Betty Duffy

Tuesday, January 12, 2010

"Engorgement is GORGE-y-ous!"

--The Womanly Art of Breastfeeding

Every now and then, my husband and I call live radio talkshows. He dialed in Carol the Coach to talk about the portrayal of adolescent attitudes in the movie, Juno. The topic was essentially a ruse in order to hear his voice on the air. Carol affirmed his concerns, however, and said “Thanks for calling in ‘Bob,’” with all the requisite smarminess. I, on the other hand, called Dr. Laura for affirmation concerning a marital squabble and was promptly chewed out, and disconnected.

The marital sqabble in question: My husband had a business trip in San Francisco and he wanted me to fly out with him. At the time I was breastfeeding our eight month old and was three months pregnant with baby number 2. The events of 9-11 had just transpired, and hyped up on anxiety and hormones, I did not want to fly.

I expected Dr. Laura to agree that my place was at home with my babies, but instead she said, “Give that baby a bottle, drop him off at your mother’s, then get on that plane with your husband where you belong… What are you going to do when that baby of yours is too scared to give a speech in school? You’re going to tell him to face his fears, just like you do. Click.”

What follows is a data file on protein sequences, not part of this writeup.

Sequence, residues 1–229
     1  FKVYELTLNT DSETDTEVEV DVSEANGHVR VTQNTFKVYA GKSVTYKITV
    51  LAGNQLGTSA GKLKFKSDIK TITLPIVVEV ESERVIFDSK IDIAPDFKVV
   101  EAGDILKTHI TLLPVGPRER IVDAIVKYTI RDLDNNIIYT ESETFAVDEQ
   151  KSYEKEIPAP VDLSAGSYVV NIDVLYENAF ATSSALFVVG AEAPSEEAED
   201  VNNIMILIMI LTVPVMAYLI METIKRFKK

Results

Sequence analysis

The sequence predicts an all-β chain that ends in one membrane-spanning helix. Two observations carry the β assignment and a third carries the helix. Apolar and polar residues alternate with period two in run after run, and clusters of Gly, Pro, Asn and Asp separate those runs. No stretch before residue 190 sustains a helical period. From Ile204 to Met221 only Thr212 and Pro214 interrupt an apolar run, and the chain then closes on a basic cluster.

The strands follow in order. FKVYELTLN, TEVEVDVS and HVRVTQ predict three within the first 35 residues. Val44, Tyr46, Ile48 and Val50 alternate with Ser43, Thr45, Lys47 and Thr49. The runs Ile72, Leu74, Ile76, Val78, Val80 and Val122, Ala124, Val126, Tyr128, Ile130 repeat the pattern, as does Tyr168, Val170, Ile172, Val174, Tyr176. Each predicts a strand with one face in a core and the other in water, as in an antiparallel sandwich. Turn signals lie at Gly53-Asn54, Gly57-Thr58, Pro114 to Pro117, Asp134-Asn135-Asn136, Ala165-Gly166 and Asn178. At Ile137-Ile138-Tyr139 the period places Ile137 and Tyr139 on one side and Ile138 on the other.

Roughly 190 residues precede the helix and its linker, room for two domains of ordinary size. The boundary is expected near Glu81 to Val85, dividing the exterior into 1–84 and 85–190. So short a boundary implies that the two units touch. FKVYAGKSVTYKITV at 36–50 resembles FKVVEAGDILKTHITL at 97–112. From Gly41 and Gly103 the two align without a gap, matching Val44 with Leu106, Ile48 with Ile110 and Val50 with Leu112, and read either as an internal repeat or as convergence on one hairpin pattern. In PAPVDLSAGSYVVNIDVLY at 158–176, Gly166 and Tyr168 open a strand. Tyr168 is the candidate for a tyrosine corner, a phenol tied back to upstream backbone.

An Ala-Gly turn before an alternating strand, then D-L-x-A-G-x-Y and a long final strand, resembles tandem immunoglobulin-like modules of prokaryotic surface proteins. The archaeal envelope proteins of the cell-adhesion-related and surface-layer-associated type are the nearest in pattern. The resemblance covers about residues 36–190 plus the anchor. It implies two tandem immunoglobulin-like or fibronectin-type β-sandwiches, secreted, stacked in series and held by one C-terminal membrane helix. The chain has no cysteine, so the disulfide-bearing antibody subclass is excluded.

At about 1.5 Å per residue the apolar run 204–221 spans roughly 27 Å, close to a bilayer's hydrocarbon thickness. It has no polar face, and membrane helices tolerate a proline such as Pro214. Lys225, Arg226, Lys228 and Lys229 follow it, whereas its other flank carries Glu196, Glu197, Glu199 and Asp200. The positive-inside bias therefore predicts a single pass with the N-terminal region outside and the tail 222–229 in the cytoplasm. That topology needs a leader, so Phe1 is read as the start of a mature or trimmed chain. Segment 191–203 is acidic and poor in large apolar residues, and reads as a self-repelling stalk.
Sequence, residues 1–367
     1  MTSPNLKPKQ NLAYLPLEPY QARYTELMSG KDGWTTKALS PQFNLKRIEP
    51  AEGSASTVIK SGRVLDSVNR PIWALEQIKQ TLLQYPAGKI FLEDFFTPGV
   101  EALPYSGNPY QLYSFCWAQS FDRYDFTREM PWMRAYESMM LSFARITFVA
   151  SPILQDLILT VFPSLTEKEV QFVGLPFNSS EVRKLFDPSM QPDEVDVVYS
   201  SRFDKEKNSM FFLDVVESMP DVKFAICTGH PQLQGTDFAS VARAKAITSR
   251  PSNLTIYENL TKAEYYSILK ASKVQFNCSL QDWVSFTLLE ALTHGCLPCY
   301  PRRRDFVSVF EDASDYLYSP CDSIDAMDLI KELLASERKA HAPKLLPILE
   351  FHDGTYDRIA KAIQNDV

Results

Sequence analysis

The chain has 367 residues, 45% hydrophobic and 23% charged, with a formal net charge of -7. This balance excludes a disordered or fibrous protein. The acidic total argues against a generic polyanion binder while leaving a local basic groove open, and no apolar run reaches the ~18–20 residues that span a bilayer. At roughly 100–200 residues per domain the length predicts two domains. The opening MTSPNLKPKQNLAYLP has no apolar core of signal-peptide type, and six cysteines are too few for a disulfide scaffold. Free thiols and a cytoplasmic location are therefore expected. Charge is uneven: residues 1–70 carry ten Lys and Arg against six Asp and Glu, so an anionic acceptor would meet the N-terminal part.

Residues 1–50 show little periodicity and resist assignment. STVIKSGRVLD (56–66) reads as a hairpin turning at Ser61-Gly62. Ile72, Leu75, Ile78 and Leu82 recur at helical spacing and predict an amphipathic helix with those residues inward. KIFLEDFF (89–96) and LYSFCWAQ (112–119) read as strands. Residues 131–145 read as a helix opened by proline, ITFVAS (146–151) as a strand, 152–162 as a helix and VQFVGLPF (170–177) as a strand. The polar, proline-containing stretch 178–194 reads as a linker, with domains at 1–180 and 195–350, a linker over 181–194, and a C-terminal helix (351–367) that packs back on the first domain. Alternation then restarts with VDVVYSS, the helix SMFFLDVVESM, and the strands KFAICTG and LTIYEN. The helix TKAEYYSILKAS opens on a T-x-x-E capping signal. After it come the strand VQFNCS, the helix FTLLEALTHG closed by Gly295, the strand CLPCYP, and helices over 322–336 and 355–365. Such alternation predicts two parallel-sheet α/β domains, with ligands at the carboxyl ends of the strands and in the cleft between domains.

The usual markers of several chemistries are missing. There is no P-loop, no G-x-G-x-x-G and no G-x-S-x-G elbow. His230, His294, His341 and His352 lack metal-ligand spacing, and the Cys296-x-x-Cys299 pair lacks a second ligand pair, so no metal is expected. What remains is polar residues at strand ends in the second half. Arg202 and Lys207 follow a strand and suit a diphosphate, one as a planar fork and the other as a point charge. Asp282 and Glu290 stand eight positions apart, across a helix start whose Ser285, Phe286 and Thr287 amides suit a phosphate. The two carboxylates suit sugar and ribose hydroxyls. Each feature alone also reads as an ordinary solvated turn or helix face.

My husband chuckled in victory. I professed my belief that Dr. Laura would disagree with any caller, regardless of how justified their concerns are, and stubbornly remained at home while my husband went on his trip without me.

Nearly ten years later, my husband and I are on our way to Colonial Williamsburg for our anniversary. We have left all five children with my parents in spite of my anxiety about leaving our one year old for the first time. He’s not weaned, but he might be by the time we return and that makes me sad.

My husband is going to participate in a Colonial furniture making workshop with Roy Underhill, of the PBS series, “The Woodwright Shop.” And I’m going to attend lectures on Colonial Art, cookery and fashion, and otherwise luxuriate in our hotel-room, if I can allow myself to be wholy present to my out-of-state condition while the lives of my children tick on without me this week, a day’s drive away.